Big Ten Media Day: Verdell Jones and Maurice Creek

Here’s my two quick chats with Verdell Jones and Maurice Creek from Big Ten Media Day. Come for the latest on their injuries, stay for my stammering and finger being in front of the lens.

Big Ten Media Day: Tom Crean

Video of Tom Crean’s press conference this morning at Big Ten Media Day at the Crowne Plaza in Rosemont, IL:

Indiana picked to finish 8th in Sun Times Big Ten poll

INDIANAPOLIS - MARCH 12:  Head coach Tom Crean of the Indiana Hoosiers looks on agaisnt the Penn State Nittany Lions during the first round of the Big Ten Men's Basketball Tournament at Conseco Fieldhouse on March 12, 2009 in Indianapolis, Indiana.  (Photo by Jonathan Daniel/Getty Images)

As you saw in the previous post, the Big Ten only announces the media’s top three teams in its preseason rankings.

Herb Gould of The Chicago Sun-Times conducted his own poll, which includes one media representative from each school, for a complete rundown of the conference. There’s a shift in the top three when comparing the Sun Times poll to the official media poll.

The Sun Times poll has MSU-Ohio State-Illinois while the official media poll has MSU-Ohio State-Purdue. (The injury to Robbie Hummel likely dictated this shift.)

Here’s the complete Sun Times poll:

School, Pts., Last year

1. Michigan State (10) 120 T-1st

2. Ohio State (1) 110 T-1st

3. Illinois 90 5th

4. Purdue 88 T-1st

5. Wisconsin 77 4th

T-6. Minnesota 62 6th

T-6. Northwestern 62 T-7th

8. Indiana 44 T-9th

9. Penn State 32 11th

10. Michigan 28 T-7th

11. Iowa 11 T-9th

Surprise, Surprise: Michigan State picked to win Big Ten

INDIANAPOLIS - APRIL 02: Head coach Tom Izzo of the Michigan State Spartans holds up one finger during practice prior to the 2010 Final Four of the NCAA Division I Men's Basketball Tournament at Lucas Oil Stadium on April 2, 2010 in Indianapolis, Indiana. (Photo by Kevin C. Cox/Getty Images)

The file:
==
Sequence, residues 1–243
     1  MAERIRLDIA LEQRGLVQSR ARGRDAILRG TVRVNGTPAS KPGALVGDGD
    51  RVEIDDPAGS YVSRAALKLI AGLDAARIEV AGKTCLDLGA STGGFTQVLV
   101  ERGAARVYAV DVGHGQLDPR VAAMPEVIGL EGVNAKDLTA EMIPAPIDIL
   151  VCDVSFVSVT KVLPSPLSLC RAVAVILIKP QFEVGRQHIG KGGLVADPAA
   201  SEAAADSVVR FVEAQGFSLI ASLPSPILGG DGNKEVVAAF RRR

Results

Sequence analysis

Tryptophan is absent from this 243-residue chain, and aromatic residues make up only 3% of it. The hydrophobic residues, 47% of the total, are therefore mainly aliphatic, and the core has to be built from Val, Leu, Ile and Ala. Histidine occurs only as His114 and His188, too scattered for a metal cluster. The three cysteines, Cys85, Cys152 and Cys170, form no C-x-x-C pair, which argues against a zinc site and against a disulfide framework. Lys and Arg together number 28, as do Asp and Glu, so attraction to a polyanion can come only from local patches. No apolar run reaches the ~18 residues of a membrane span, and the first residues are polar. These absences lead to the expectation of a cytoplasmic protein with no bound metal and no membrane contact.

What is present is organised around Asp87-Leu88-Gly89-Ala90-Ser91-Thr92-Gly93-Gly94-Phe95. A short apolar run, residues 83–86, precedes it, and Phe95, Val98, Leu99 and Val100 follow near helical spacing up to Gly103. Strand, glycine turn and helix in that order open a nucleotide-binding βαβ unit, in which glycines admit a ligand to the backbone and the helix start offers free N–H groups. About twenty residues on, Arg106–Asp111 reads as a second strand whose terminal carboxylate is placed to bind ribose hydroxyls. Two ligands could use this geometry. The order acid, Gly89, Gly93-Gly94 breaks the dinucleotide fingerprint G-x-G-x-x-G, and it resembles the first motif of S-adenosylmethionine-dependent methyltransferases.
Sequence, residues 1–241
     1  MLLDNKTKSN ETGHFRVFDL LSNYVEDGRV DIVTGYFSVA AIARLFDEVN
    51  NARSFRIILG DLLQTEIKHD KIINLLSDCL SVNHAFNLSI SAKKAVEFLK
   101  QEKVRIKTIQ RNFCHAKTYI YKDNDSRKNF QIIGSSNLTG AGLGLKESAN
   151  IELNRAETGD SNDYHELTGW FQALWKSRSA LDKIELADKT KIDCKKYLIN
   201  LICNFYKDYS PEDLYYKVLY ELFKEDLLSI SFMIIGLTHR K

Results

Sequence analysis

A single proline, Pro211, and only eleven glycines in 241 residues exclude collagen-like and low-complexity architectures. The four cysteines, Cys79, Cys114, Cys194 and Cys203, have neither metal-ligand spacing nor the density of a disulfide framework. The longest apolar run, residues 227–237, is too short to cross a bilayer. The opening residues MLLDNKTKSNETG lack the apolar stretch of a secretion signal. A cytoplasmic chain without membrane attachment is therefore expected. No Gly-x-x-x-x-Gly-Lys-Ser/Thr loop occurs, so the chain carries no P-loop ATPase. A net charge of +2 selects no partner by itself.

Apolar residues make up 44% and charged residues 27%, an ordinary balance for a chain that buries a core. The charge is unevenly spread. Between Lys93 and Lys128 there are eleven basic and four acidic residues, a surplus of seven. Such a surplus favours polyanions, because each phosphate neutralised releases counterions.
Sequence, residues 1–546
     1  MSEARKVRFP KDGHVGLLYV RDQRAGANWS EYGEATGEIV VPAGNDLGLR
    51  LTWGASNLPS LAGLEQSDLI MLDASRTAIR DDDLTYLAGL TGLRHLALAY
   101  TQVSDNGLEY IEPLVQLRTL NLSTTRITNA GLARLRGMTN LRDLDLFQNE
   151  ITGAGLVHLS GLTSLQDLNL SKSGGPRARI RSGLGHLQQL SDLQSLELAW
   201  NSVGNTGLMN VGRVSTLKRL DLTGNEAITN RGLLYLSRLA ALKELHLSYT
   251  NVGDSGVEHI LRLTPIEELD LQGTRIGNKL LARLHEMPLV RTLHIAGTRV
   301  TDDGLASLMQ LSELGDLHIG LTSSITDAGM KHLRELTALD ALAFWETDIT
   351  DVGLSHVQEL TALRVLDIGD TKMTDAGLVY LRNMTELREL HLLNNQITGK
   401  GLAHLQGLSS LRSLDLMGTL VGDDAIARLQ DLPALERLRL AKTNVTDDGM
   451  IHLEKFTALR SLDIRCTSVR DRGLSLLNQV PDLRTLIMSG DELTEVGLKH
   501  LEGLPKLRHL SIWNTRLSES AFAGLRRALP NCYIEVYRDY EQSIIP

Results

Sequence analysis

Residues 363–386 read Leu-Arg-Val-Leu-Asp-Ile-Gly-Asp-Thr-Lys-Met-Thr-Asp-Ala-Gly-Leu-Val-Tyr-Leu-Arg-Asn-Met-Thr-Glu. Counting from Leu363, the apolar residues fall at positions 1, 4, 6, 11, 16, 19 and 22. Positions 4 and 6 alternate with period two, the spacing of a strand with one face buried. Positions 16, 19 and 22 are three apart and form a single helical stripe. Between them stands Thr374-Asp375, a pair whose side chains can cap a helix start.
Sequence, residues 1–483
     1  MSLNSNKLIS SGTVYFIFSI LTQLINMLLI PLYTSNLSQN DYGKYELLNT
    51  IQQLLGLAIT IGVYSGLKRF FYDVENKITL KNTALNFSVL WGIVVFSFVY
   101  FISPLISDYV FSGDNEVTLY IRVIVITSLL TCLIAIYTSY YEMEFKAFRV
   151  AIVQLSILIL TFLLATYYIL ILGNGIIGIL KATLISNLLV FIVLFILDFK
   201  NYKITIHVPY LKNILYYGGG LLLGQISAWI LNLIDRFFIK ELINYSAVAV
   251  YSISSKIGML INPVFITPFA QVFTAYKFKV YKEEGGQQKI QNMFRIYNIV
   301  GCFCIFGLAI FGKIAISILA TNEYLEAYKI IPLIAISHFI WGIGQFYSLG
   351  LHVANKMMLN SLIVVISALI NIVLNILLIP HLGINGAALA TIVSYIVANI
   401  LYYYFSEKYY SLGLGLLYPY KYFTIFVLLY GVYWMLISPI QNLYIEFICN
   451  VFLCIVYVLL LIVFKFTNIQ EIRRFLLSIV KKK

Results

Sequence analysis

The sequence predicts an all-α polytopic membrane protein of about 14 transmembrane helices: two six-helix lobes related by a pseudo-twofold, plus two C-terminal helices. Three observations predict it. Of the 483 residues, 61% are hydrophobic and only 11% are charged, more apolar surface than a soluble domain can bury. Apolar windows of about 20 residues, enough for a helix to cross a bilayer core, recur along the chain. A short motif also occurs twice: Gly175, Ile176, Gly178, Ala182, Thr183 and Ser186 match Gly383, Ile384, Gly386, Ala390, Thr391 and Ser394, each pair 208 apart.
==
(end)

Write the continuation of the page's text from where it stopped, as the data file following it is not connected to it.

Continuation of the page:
Per the Big Ten:

Park Ridge, Ill.– Coming off its second consecutive Final Four appearance, Michigan State was selected to finish first in the Big Ten, as voted upon by a panel of conference media. Ohio State and Purdue were picked to finish second and third, respectively. Spartan senior Kalin Lucas was named the Preseason Player of the Year for the second straight season and was joined on the Preseason All-Conference team by Illinois’ Demetri McCamey, Purdue’s JaJuan Johnson and E’Twaun Moore and Wisconsin’s Jon Leuer.

Michigan State returns three starters and nine letterwinners from last year’s squad that went 28-9 and tied for the Big Ten Championship with a 14-4 conference record. Head Coach Tom Izzo took the Spartans to their second straight Final Four, marking the team’s sixth appearance in the event in the last 12 years.

Ohio State brings back four starters and six letterwinners from last year’s squad that tied for the Big Ten title with a 14-4 conference mark, won the conference tournament advanced to the NCAA Sweet 16. The Buckeyes finished the 2009-10 season with a 29-8 overall record, giving the Buckeyes 20 or more wins in each of their six seasons under head coach Thad Matta.

Two starters and 10 letterwinners return for Purdue, who tied for the Big Ten title and advanced to the NCAA Sweet 16 in 2010. The Boilermakers finished the season with a 29-6 mark and advanced to their fourth straight NCAA Tournament under the guidance of head coach Matt Painter.

Lucas earns his second straight Preseason Player of the Year honor after earning first-team All-Big Ten recognition following the 2008-09 and 2009-10 seasons. The Big Ten Player of the Year as a sophomore in 2009, Lucas enters the season as the conference’s third-leading active scorer, with 1,418 career points. The guard is one of 10 Big Ten players named to the John R. Wooden Award Preseason Top 50 List.

The 2010-11 Preseason All-Big Ten team includes three first-team All-Big Ten honorees from last season in McCamey, Lucas and Moore. Johnson was named first-team honoree following the 2008-09 season and earned a spot on the second team last year. Leuer was an honorable mention selection a season ago.

2010-2011 Player Profile: Daniel Moore

INDIANAPOLIS - MARCH 12:  Daniel Moore #3 of the Indiana Hoosiers reacts against the Penn State Nittany Lions during the first round of the Big Ten Men's Basketball Tournament at Conseco Fieldhouse on March 12, 2009 in Indianapolis, Indiana.  (Photo by Jonathan Daniel/Getty Images)It’s time for Inside the Hall’s player-by-player breakdown of the 2010-2011 Indiana Hoosiers. Today: Daniel Moore.

We will tarry not long on young Daniel Moore, for there is much to be said about the coming of Cody Zeller-palooza (and also Halloween) to the shores of Bloomington at week’s end. But in keeping with — and, now, ending our player profile series — it seemed fitting to include Moore, a walk-on, with the rest of Indiana’s scholarship players.